[racket-dev] Symlink trouble

From: Matthew Flatt (mflatt at cs.utah.edu)
Date: Wed Apr 17 10:39:22 EDT 2013

Yes, I think Racket should use PWD --- if the expansion of soft links
produces the same path as getcwd(), which seems to be what "/bin/pwd"

Should Racket also set PWD (optionally, but by default) when it creates
a subprocess? I think probably so.

To make sure we're all on the same page:

The general problem is that there can be more than one filesystem path
that reaches a file. It would be great if we could normalize every path
to a canonical form, but path normalization in general seems to
intractable due to the possibilities of soft links, hard links,
multiple mount points, case-sensitivity choices, and probably other
twists that I'm forgetting. We have therefore settled on different
definitions of "same file", depending on the context.

For module paths, "same file" involves only syntactic normalizations of
the pathname (e.g., no checking for soft links). Various pieces of the
system are carefully implemented to be consistent with syntactic
normalization. For example, suppose that PLTCOLLECTS is set to
"/home/mflatt/plt", but "/home/mflatt" is a symlink to "/Users/mflatt";
pathnames associated to modules that are accessed via collection will
consistently use "/home/mflatt", and not somehow hop over to
"/Users/mflatt". As long as a user is similarly consistent when
supplying paths, it all works out.

Unfortunately, `current-directory' is a place where you don't get to
choose the path. You might say "/home/mflatt/plt" to get to a Racket
installation, but to initialize `current-directory', the path gets
turned into an inode and back to a path via getcwd() --- exactly the
sort of thing that breaks a syntactic view of "same".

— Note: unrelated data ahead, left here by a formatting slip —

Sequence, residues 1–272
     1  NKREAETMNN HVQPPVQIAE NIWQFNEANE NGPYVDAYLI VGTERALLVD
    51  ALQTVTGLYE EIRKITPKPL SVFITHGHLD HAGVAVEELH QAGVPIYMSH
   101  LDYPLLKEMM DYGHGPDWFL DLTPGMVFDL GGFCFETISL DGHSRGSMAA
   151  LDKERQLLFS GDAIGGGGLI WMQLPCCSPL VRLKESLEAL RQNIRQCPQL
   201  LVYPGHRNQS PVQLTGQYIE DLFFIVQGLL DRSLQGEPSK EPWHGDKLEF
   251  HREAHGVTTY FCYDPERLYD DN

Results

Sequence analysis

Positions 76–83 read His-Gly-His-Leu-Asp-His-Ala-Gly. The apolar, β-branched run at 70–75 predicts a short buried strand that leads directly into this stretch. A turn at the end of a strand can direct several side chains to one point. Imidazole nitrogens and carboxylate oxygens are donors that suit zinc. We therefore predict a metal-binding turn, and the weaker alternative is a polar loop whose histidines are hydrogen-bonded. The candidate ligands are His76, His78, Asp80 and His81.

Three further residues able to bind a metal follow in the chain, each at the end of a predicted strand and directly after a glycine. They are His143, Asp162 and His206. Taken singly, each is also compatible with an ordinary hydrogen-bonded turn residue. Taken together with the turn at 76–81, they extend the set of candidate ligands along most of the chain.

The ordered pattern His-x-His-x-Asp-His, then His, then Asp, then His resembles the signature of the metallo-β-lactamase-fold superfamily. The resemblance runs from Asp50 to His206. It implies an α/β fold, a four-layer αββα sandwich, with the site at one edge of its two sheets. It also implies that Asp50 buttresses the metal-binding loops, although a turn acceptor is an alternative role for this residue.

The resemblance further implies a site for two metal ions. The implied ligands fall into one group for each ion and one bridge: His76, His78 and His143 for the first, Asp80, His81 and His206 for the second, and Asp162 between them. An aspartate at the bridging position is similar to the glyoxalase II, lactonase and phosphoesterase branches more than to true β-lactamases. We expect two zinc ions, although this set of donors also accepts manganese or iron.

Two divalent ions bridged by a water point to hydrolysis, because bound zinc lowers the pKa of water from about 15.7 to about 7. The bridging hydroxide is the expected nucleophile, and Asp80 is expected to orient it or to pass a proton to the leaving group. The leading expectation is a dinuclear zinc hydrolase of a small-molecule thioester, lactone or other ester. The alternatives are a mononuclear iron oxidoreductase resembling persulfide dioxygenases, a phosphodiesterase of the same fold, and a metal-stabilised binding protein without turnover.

The PWD environment variable addresses the problem with getcwd(): nice
shells set PWD based on a syntactic derivation of the current
directory, instead of an inode-based derivation.

So, Racket should take advantage of the information that nice shells
provide. Probably it should also act as a nice shell by default.

(As it happens, I use "csh" on Mac OS X, and it's not nice in the above
sense. That helps explain why I never got PWD vs. cwd() before.)

At Wed, 17 Apr 2013 12:06:29 +0200, Tobias Hammer wrote:
> Hi,
> i am currently implementing an application that heavily relies on rackets  
> great serialize functionality to exchange data between racket processes on  
> different computers. That works well until i stumbled over a very  
> confusion behavior of rackets filesystem and module path resolution.
> I will explain first, what i observed and then why this causes some  
> trouble:
> * relative (module) paths are resolved with something like (or  
> (current-load-directory) (current-directory))
> * collection paths are resolved with
>   (find-executable-path (find-system-path 'exec-file) (find-system-path  
> 'collects-dir)) for the system collection and with the given path for the  
> others
> * you can require a module relative and via collection, if they resolve to  
> the same name, there is no error
> serialize stores the module path and symbol where the deserialize function  
> can be found. It's interesting how this module path is determined
> * If the file containing the deserialize identifier (if implemented by  
> hand or the file where e.g serializable-stuct is used) is loaded via  
> collection, then the serialized stream contains a collection path  
> (determined via identifier binding and mpi magic)